Parties to an appeal who condition a settlement on the vacating of the lower court’s judgment “may still [have] an appropriate remedy,” held the U.S. Court of Appeals for the Eleventh Circuit on July 12, 2016. Hartford Cas. Ins. Co. v. Crum & Forster Specialty Ins. Co., 2016 U.S. App LEXIS 12813, *15 (11th Cir. July 12, 2016). Reversing the district court’s “narrow” refusal to vacate its judgment after the parties had settled, the Eleventh Circuit found that “exceptional circumstances” warranted the vacatur. Id., at *3, *14.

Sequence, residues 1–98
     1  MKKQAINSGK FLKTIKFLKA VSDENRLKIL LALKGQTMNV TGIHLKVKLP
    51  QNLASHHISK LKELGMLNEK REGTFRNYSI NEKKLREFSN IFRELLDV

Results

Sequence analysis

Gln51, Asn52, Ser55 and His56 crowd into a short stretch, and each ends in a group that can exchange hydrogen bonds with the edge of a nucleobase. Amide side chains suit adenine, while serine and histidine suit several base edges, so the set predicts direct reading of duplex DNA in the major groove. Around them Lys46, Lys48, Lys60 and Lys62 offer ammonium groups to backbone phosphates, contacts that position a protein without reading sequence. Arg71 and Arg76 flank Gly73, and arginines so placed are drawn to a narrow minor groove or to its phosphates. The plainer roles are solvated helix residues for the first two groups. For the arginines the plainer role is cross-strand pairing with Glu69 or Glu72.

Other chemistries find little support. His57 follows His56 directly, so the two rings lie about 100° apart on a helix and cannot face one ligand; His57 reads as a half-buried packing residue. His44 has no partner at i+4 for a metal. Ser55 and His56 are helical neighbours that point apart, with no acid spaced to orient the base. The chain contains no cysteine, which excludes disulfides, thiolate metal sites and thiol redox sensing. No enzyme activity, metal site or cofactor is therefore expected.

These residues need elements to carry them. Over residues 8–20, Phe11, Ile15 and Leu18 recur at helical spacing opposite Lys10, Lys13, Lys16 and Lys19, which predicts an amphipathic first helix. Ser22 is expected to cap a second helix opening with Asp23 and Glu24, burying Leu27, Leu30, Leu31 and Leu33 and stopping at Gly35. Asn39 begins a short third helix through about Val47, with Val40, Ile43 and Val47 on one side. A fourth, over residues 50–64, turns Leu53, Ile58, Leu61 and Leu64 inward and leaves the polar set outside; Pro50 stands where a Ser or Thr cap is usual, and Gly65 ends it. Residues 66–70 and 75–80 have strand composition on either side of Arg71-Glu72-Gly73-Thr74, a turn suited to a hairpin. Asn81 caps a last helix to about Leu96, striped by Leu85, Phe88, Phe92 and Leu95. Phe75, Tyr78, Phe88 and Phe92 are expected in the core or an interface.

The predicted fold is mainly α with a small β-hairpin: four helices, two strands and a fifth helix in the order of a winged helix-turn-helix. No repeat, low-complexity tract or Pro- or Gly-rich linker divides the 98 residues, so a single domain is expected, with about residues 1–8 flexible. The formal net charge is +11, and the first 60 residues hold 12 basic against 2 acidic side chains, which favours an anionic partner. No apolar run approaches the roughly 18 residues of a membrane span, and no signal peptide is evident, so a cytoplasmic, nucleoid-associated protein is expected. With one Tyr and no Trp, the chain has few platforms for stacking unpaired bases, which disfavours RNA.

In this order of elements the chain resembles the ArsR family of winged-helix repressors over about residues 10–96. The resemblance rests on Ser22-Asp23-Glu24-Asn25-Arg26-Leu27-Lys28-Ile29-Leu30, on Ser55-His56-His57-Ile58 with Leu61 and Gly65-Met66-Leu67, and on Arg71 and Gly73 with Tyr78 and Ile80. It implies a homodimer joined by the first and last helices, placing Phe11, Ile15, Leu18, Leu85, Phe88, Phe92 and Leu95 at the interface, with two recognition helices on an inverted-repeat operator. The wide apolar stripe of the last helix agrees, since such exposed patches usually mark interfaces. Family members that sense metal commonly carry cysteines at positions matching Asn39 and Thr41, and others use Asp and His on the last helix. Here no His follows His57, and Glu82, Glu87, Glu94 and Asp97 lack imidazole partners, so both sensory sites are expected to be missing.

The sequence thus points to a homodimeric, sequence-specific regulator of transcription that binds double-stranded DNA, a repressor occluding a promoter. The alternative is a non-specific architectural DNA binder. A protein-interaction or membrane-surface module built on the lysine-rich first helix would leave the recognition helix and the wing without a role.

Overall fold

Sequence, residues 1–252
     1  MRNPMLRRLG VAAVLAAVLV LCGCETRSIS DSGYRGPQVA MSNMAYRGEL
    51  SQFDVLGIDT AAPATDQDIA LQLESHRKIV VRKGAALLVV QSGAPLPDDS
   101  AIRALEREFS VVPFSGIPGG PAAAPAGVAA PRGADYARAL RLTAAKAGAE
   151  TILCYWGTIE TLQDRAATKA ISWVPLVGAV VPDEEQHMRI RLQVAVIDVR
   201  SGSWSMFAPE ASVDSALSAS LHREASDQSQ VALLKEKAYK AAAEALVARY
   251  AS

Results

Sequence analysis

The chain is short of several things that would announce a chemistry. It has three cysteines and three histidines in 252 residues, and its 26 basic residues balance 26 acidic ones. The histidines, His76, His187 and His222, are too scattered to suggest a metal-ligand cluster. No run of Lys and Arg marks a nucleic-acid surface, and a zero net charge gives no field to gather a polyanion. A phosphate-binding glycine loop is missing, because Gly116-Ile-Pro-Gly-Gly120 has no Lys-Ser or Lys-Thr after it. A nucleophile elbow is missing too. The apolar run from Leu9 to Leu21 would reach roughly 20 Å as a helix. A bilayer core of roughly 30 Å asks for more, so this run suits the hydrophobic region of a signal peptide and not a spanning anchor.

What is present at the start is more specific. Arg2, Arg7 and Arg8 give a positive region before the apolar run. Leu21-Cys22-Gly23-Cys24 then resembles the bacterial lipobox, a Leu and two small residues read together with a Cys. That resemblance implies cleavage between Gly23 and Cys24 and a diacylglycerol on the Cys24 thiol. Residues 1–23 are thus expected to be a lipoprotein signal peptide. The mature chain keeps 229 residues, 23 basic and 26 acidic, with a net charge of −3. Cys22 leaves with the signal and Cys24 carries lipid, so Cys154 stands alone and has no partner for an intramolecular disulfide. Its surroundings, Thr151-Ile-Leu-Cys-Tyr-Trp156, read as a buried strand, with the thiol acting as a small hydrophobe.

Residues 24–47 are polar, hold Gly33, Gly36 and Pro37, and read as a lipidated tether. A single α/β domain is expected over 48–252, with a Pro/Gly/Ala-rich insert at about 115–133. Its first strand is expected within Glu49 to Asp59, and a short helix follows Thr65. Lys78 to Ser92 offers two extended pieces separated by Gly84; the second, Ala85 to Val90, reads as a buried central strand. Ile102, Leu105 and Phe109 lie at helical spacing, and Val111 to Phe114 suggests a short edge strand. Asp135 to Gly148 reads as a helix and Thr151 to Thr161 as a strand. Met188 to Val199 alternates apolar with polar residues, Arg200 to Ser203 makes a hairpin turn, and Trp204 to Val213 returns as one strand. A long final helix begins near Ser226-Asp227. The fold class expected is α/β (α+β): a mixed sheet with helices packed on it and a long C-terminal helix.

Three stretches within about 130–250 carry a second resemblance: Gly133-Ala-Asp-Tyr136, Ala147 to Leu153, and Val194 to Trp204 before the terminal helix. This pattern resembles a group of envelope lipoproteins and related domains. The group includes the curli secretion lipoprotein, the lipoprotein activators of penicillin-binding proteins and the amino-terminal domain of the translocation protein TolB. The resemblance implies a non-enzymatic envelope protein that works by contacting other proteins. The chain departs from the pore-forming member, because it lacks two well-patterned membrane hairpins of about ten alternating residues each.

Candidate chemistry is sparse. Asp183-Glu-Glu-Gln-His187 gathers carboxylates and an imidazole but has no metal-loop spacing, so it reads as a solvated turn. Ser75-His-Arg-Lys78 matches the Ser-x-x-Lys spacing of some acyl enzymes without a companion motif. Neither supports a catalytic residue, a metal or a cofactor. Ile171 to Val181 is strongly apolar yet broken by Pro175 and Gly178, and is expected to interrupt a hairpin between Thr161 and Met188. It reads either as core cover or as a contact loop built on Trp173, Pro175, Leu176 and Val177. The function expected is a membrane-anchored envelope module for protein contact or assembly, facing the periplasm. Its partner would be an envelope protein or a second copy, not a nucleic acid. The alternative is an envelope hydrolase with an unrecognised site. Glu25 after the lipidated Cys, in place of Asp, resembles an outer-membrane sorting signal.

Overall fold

The U.S. Supreme Court had previously rejected a settling appellant’s requiring the vacatur of a lower court judgment because, as the losing party, it had “voluntarily forfeited [its] legal remedy by the ordinary processes of appeal … .” U.S. Bancorp Mortgage Co. v. Bonner Mall Partnership, 513 U.S. 18, 25, 29 (1994) (held, “mootness by reason of settlement does not justify vacatur of a judgment under review.”). In Bancorp, a debtor and creditor settled after the Supreme Court had granted certiorari to decide whether there was a “new value exception” to the absolute priority rule in Chapter 11 of the Bankruptcy Code. The creditor had asked the Court to vacate the Ninth Circuit’s decision upholding the existence of the new value exception, but the debtor opposed. Despite the parties’ settlement, the Court allowed the Ninth Circuit’s decision to stand, reasoning that the “party seeking relief from the judgment below caused the mootness [of the appeal] by voluntary action.” Id., at 24. Also, reasoned the Supreme Court, despite the parties’ settlement, a court “must … take account of the public interest” and not upset “the orderly operation of the federal judicial system” by using vacatur “as a refined form of collateral attack on” unfavorable judgments. Id. at 26-27. The Court wanted to protect the public interest because “[j]udicial precedents are presumptively correct and valuable to the legal community as a whole.” Id. Still, the Court stressed that its approach was “equitable” in nature and that “exceptional circumstances” may warrant vacatur. Id. at 29. But “those exceptional circumstances do not include the mere fact that the settlement agreement provides for vacatur.” Id. at 29.